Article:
OPINION | The ‘climate wars’ pitting the two major political parties against each other have been one of the most debilitating features of the public policy debate in Australia over the past decade. It’s been a zero-sum game in which neither side can concede even a sliver of merit to their opponent’s position.
In the investment industry, the endless passive-versus-active contest is the equivalent. It’s time to declare an end to this conflict by acknowledging that at the highest level, there is always an active decision.
Asset allocation decisions are the most important active decisions investors can make and, in this context, both investment approaches have validity and deserve a place in client portfolios.
Our research shows that quality managers consistently outperform benchmarks across a wide variety of fixed income asset classes, delivering outperformance 75 per cent to 95 per cent of the time. Moreover, the median manager also did well, outperforming core fixed income benchmarks 50 per cent to 60 per cent of the time. The research also reveals that manager quality and selection are especially important in the specialised fixed income niches of inflation-linked, emerging markets and currency.
Fixed income v equities
These results may be different to those from equity markets. What might explain the fixed income difference?
First, the differing motivations and behaviour among the three investor groups in the fixed income world – passive, active and less economically sensitive actors – make like-for-like comparisons are inappropriate. The less economically sensitive group is dominated by central banks, whose currency and interest rate management priorities (not returns) drive bond ownership programs and also, to some extent, by insurers required to hold bonds owing to accounting and regulatory requirements. This group makes up almost half of the global bond market.
Investment constraints on these less economically motivated investors and on passive investors create opportunities for active investors. Furthermore, the investment environment has shifted profoundly, making the case for active investing even more resounding.
During the 30-year bull run in fixed income markets, being invested solely in the index garnered capital returns for investors. That tailwind is now poised to morph into a headwind. An index-only approach may be suboptimal.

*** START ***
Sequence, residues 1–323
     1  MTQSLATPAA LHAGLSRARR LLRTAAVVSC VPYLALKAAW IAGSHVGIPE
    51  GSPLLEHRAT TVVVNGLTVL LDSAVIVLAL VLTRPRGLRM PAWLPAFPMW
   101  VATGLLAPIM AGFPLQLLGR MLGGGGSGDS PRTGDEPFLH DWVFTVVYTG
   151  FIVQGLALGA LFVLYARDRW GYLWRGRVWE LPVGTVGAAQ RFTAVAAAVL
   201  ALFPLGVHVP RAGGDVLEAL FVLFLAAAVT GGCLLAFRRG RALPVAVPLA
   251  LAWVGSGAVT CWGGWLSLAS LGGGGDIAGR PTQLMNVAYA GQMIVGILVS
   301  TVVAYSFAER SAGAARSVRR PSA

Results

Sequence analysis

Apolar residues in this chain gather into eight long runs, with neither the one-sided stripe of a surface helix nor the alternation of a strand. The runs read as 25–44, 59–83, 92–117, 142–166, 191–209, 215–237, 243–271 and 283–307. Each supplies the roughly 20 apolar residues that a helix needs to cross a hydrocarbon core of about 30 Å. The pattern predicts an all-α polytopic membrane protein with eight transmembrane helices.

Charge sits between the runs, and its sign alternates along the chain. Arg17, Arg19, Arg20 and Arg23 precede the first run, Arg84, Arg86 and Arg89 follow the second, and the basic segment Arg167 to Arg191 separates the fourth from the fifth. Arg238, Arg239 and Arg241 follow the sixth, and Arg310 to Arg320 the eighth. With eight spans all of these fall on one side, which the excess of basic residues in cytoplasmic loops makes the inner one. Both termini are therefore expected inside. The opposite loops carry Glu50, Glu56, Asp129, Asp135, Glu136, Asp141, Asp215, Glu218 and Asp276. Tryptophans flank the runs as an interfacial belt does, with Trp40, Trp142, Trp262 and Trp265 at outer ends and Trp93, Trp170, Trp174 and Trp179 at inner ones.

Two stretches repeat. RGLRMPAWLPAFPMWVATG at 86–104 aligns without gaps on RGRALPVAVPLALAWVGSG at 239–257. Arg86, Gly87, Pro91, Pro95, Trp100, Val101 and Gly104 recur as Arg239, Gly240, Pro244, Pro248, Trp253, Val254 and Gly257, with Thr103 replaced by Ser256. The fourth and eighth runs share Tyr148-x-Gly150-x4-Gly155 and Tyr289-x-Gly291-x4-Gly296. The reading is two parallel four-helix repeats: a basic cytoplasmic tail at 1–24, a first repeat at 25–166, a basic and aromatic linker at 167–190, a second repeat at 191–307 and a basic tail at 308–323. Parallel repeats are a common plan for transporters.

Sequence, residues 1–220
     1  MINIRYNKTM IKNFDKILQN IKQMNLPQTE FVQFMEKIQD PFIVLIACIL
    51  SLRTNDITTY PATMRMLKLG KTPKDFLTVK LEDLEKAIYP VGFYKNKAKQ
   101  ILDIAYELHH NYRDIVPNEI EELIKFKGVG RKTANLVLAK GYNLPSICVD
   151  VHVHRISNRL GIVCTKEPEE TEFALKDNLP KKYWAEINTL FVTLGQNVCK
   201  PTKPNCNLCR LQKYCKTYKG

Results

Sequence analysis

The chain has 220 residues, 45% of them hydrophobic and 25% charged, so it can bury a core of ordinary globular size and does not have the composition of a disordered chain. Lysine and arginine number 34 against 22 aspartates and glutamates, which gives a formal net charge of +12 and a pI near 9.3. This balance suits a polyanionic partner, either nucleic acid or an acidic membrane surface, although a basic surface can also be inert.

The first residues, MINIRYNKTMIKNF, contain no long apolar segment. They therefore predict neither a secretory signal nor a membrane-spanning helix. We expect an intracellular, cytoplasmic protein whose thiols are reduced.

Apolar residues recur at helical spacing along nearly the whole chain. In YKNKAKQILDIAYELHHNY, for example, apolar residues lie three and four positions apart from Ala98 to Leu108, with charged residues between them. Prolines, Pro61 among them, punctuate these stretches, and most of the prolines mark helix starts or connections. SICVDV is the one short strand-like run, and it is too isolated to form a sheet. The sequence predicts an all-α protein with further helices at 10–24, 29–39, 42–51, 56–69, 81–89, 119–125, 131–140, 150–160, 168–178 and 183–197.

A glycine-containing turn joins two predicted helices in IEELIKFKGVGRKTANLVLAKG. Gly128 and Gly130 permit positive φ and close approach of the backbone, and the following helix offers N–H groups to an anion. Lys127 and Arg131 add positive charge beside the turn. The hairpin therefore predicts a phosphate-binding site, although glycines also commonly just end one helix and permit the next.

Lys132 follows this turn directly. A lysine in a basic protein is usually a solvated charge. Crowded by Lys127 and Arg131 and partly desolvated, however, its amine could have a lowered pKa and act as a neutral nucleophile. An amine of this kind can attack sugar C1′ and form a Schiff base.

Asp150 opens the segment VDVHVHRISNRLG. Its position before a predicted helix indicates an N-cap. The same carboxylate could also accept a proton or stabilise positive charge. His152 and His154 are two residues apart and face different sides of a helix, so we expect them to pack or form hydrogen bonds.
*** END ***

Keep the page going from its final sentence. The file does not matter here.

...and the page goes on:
At best, passive indices will be an income source but risk capital attrition. Furthermore, amid greater regulatory pressures and central bank monetary policies that have dampened volatility, greater breadth is required in portfolios to achieve desired returns.
Discipline of capitalism
While there may be a perception that active returns have diminished across the board compared with the pre-GFC era, the reality is different. Strategies with strong credit weightings are doing better, as the rewards from carry are now greater. By contrast, unconstrained bond and emerging markets strategies are rewarding less, casualties of the low-volatility environment and the chase for yield.
Our analysis reveals that owing to correlations across the different components of fixed income, diversification is rewarded. Different return drivers work well at different points in the cycle, as markets respond to diverse liquidity drivers or look ahead to the impact of macroeconomic and geopolitical events.
Perhaps above all else, the discipline of capitalism is the strongest case for active investing. Capital allocation stemming from active investing serves a virtuous economic purpose. It withdraws capital from governments and companies exhibiting financially harmful behaviour. It also rewards governments and corporations that manage their finances well with lower borrowing costs.
It is time to call an end to the passive-versus-active duel. Both groups have to become closer to clients to create true partnerships focusing on problem-solving and transcending products or even investment philosophy fixations.
Susan Buckley is a managing director of QIC, where she leads the global liquid strategies team. She will be part of a panel discussion titled “Tied to the benchmark or unconstrained”, at the Investment Magazine Fixed Income, Cash, and Currency Forum, to be held in Healesville, Victoria, on July 25-26, 2017. To view the agenda or register, visit the event website.